The best darn change-maker I ever met in my entire life.” So said Bill Clinton in making the case for his wife at the Democratic National Convention. Considering that Bernie Sanders ran as the author of a political revolution and Donald Trump as the man who would “kick over the table” (to quote Newt Gingrich) in Washington, “change-maker” does not exactly make the heart race.
Which is the fundamental problem with the Clinton campaign. What precisely is it about? Why is she running in the first place?
Like most dynastic candidates (most famously Ted Kennedy in 1979), she really doesn’t know. She seeks the office because, well, it’s the next — the final — step on the ladder.
Her campaign’s premise is that we’re doing okay, but we can do better. There are holes to patch in the nanny-state safety net. She’s the one to do it.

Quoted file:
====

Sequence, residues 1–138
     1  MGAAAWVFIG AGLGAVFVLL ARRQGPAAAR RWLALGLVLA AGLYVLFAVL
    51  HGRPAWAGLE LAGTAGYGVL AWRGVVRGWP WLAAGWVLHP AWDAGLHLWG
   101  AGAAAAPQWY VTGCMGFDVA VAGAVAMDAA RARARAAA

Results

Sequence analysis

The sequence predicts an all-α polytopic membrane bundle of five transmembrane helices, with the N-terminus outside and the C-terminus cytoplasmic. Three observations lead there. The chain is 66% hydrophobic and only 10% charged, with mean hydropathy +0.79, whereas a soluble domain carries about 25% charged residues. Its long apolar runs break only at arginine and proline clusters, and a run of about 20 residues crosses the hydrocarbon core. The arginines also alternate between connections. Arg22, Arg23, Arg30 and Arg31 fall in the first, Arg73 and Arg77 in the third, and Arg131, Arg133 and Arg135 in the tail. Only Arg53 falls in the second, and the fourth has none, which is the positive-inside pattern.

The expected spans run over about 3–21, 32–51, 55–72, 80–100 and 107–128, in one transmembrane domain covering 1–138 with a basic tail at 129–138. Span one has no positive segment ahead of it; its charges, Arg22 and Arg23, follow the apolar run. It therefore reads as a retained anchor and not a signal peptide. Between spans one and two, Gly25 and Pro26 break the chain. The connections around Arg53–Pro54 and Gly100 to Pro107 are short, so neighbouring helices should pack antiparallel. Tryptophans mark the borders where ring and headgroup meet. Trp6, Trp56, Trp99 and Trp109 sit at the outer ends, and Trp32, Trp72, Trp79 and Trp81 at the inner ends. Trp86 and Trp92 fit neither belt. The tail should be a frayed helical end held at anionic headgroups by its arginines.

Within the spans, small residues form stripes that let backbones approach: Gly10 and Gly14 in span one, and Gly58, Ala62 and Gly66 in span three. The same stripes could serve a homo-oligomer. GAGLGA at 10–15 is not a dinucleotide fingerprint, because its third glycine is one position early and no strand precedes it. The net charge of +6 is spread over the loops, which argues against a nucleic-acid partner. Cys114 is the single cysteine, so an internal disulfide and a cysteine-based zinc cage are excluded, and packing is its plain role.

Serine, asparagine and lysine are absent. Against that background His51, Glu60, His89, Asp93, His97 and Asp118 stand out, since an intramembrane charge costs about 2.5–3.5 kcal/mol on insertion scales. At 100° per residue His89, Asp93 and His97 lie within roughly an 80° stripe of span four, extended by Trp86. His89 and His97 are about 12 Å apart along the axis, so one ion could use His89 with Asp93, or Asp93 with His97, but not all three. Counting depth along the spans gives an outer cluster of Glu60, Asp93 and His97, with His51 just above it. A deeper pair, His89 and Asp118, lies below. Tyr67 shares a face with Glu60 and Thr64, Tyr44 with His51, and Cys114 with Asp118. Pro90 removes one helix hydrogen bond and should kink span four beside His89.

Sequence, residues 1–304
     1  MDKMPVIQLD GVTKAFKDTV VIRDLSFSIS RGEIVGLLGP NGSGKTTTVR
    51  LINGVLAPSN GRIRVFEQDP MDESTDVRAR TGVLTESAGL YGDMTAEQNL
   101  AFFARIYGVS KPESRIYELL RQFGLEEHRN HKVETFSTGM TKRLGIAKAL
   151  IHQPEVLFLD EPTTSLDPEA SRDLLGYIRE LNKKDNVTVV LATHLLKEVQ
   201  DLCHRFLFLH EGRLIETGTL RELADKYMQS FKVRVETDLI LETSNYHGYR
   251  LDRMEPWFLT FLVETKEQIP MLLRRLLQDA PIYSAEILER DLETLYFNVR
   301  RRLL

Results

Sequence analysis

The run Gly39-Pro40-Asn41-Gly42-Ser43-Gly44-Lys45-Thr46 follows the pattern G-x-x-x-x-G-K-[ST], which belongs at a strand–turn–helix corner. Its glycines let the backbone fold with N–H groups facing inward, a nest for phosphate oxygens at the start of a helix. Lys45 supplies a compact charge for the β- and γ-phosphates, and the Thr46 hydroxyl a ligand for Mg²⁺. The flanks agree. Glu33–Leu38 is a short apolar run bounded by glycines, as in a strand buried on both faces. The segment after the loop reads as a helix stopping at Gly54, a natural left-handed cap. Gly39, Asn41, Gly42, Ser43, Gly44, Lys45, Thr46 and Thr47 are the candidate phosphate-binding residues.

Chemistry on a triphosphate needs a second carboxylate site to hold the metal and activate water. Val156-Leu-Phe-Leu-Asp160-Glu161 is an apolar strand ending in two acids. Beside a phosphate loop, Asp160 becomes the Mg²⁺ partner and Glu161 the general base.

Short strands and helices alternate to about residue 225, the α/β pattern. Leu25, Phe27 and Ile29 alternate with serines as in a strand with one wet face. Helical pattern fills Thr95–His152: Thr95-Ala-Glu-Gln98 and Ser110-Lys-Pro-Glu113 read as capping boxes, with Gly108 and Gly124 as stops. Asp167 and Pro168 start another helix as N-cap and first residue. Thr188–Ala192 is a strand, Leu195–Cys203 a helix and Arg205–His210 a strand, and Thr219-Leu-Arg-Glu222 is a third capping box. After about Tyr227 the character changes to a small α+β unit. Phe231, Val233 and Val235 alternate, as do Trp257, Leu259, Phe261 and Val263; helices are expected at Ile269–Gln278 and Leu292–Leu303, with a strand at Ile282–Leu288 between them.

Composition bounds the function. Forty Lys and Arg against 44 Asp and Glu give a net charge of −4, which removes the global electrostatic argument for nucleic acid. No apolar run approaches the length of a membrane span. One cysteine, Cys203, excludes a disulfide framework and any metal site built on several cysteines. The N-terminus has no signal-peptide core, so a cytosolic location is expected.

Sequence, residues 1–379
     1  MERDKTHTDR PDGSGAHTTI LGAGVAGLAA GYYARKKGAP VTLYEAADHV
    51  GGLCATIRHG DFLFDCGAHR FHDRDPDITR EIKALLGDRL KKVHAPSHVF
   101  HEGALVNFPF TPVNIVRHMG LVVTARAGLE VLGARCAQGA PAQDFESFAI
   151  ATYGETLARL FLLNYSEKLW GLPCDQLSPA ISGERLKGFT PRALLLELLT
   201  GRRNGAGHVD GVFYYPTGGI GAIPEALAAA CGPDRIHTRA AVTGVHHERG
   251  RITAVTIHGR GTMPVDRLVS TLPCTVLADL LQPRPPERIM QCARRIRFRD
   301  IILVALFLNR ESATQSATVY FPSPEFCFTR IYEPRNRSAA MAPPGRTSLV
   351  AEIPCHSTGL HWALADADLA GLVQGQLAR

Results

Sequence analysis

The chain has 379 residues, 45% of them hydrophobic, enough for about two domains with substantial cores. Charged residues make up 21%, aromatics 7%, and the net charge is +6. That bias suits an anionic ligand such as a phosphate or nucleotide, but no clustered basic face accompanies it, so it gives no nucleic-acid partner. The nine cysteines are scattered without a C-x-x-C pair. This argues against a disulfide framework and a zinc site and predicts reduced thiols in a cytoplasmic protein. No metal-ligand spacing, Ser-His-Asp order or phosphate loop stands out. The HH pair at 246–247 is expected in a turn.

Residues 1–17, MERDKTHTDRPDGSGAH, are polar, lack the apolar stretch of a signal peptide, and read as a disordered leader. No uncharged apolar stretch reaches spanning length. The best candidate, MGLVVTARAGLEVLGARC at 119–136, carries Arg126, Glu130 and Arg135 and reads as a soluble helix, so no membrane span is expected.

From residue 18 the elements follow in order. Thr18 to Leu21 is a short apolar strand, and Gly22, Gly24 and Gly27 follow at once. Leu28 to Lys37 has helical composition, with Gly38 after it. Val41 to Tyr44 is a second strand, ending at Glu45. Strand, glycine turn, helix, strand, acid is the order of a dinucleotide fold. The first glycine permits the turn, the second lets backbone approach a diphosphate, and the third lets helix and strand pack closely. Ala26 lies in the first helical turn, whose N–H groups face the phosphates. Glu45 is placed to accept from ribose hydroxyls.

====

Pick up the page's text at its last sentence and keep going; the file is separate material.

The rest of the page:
It amounts to Sanders lite. Or the short-lived Bush slogan: “Jeb can fix it.” We know where that went.
The one man who could have given the pudding a theme, who could have created a plausible Hillaryism was Bill Clinton. Rather than do that — the way in Cleveland Gingrich shaped Trump’s various barstool eruptions into a semi-coherent program of national populism — Bill gave a long chronological account of a passionate liberal’s social activism. It was an attempt, I suppose, to humanize her.